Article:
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US urges Israel to fully investigate deadly strike in Rafah camp

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The United States expressed “deep concern” Tuesday over an apparent Israeli airstrike Sunday that killed at least 45 Palestinians sheltering in a refugee camp in Rafah and wounded 200 others. The U.S. said it has urged Israel to conduct a full investigation.

“Those images were heartbreaking,” U.S. State Department spokesperson Matthew Miller told reporters.

He said while Israel has a right to go after Hamas, Israel has an obligation to do everything possible to minimize civilian harm while it carries out its operations.

“We will continue to emphasize to Israel their obligation to comply fully with international humanitarian law, minimize the impact of their operations on civilians and maximize the flow of humanitarian assistance to those in need,” Miller said, adding Israel’s military had promised a swift, comprehensive and transparent investigation.

“We will be watching those results closely,” he said.

Israel’s military said it is looking into the possibility that weapons stored in the area hit by the Israeli strike may have sparked a deadly fire at the refugee camp Sunday. A military spokesman said Tuesday the munitions used in the Israeli strike were too small to set off a big blaze.

The Gaza Health Ministry said the attack ignited tent fires in an area sheltering displaced people. Israel said it killed two senior Hamas militants in the attack.

“I think this speaks very clearly to the challenge of military airstrikes in densely populated areas of Gaza, including Rafah, because of the risk of civilian casualties,” national security communications adviser John Kirby said of the initial Israeli findings of the fire being caused by a secondary explosion and not the initial strike.

Displaced Palestinians inspect their tents destroyed by Israel's bombardment, adjunct to an UNRWA facility west of Rafah city, Gaza Strip, May 28, 2024.
Displaced Palestinians inspect their tents destroyed by Israel’s bombardment, adjunct to an UNRWA facility west of Rafah city, Gaza Strip, May 28, 2024.

The U.N. Security Council met Tuesday afternoon in a closed session requested by Algeria to discuss the attack. After the meeting, Ambassador Amar Bendjama told reporters that Algeria plans to circulate a draft resolution shortly on Rafah.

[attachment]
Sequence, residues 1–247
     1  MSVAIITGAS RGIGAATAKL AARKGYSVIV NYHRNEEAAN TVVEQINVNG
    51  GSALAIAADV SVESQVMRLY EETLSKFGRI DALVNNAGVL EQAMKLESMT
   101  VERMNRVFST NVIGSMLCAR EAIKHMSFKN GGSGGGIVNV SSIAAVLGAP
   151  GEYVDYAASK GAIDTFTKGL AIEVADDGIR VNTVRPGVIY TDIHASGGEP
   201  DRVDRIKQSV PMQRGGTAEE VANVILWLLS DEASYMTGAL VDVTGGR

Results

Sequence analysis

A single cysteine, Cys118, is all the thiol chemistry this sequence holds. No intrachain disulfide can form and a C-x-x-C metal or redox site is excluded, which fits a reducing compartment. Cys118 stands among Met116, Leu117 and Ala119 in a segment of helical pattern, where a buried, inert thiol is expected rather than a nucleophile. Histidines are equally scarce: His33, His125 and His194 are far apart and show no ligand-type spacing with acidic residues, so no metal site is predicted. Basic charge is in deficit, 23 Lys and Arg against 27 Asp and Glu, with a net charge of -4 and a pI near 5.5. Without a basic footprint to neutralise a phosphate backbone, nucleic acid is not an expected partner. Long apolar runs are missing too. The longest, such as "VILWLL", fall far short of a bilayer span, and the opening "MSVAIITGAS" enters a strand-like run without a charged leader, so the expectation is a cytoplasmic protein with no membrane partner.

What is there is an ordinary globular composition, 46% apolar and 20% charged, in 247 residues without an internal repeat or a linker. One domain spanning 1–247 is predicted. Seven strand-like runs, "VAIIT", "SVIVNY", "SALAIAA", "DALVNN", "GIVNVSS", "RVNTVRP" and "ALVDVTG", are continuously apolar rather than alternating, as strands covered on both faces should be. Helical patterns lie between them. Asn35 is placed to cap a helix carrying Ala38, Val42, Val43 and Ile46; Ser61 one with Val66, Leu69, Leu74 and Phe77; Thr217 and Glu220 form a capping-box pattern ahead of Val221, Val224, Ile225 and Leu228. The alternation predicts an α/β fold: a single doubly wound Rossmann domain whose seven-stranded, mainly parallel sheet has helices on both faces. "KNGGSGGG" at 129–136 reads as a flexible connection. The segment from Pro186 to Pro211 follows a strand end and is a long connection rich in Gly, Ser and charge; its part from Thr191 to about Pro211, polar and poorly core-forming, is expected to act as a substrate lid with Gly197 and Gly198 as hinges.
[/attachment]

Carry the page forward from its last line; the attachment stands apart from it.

“A short text. A decisive text to stop the killing in Rafah,” he said.

The Algerian text, seen by VOA, “Decides that Israel, the occupying Power, shall immediately halt its military offensive, and any other action in Rafah.” It also demands an immediate cease-fire “respected by all parties” and the immediate and unconditional release of all hostages.

Speaking before the meeting, French envoy Nicolas de Riviere told reporters that Israel must stop its operation in accordance with the International Court of Justice ruling, and Palestinian groups must stop rocket attacks on Israel.

“This is a matter of life and death,” he said. “This is a matter of emergency.”

U.N. Secretary-General Antonio Guterres said in a statement Tuesday that the “relentless violence” must stop and reiterated his call for a humanitarian cease-fire and the unconditional and immediate release of all hostages.

Gaza medical personnel and residents reported new Israeli airstrikes Tuesday in the area of al-Mawasi on the enclave’s coast, where thousands of people have fled to what Israel has said is a designated “safe zone.”

The Gaza Health Ministry said at least 20 civilians were killed. The Israel Defense Forces denied striking the area.

The U.N. agency for Palestinian refugees, UNRWA, said Tuesday that more than 940,000 people have fled Rafah in the past three weeks amid Israel’s offensive. Another 100,000 have been displaced by fighting in northern Gaza.

U.N. humanitarian chief Martin Griffiths issued a statement late Monday calling the Rafah attack “utterly unacceptable.” He criticized Israeli Prime Minister Benjamin Netanyahu’s explanation that what happened was a “tragic mistake.”

A Palestinian child, wounded in an Israeli strike on an area designated for displaced people, is assisted at a hospital, amid the ongoing conflict between Israel and Hamas, in Rafah in the southern Gaza Strip, May 26, 2024.
A Palestinian child, wounded in an Israeli strike on an area designated for displaced people, is assisted at a hospital, amid the ongoing conflict between Israel and Hamas, in Rafah in the southern Gaza Strip, May 26, 2024.

“Whether the attack was a war crime or a ‘tragic mistake,’ for the people of Gaza, there is no debate,” Griffiths said. “What happened last night was the latest — and possibly most cruel — abomination. To call it ‘a mistake’ is a message that means nothing for those killed, those grieving, and those trying to save lives,” he added.

“Despite our best effort not to harm those not involved, unfortunately a tragic mistake happened last night. We are investigating the case,” Netanyahu told the Israeli parliament.

Netanyahu has repeatedly said Israel needs to carry out an offensive in Rafah to achieve its goal of ensuring Hamas cannot operate in Gaza and threaten Israel in the future.

Qatar’s Foreign Ministry said Monday the attack could complicate efforts to mediate stalled cease-fire talks and the return of the hostages held in Gaza.

The Israel-Hamas war was triggered by the October 7 Hamas attack on Israel that killed 1,200 people, according to Israeli officials, and led to the capture of about 250 hostages. Israel’s subsequent counteroffensive has killed more than 36,000 Palestinians, a death toll that includes both civilians and combatants, according to the Gaza Health Ministry.

White House correspondent Patsy Widakuswara and United Nations correspondent Margaret Besheer contributed to this report. Some material in this report came from The Associated Press, Agence France-Presse and Reuters.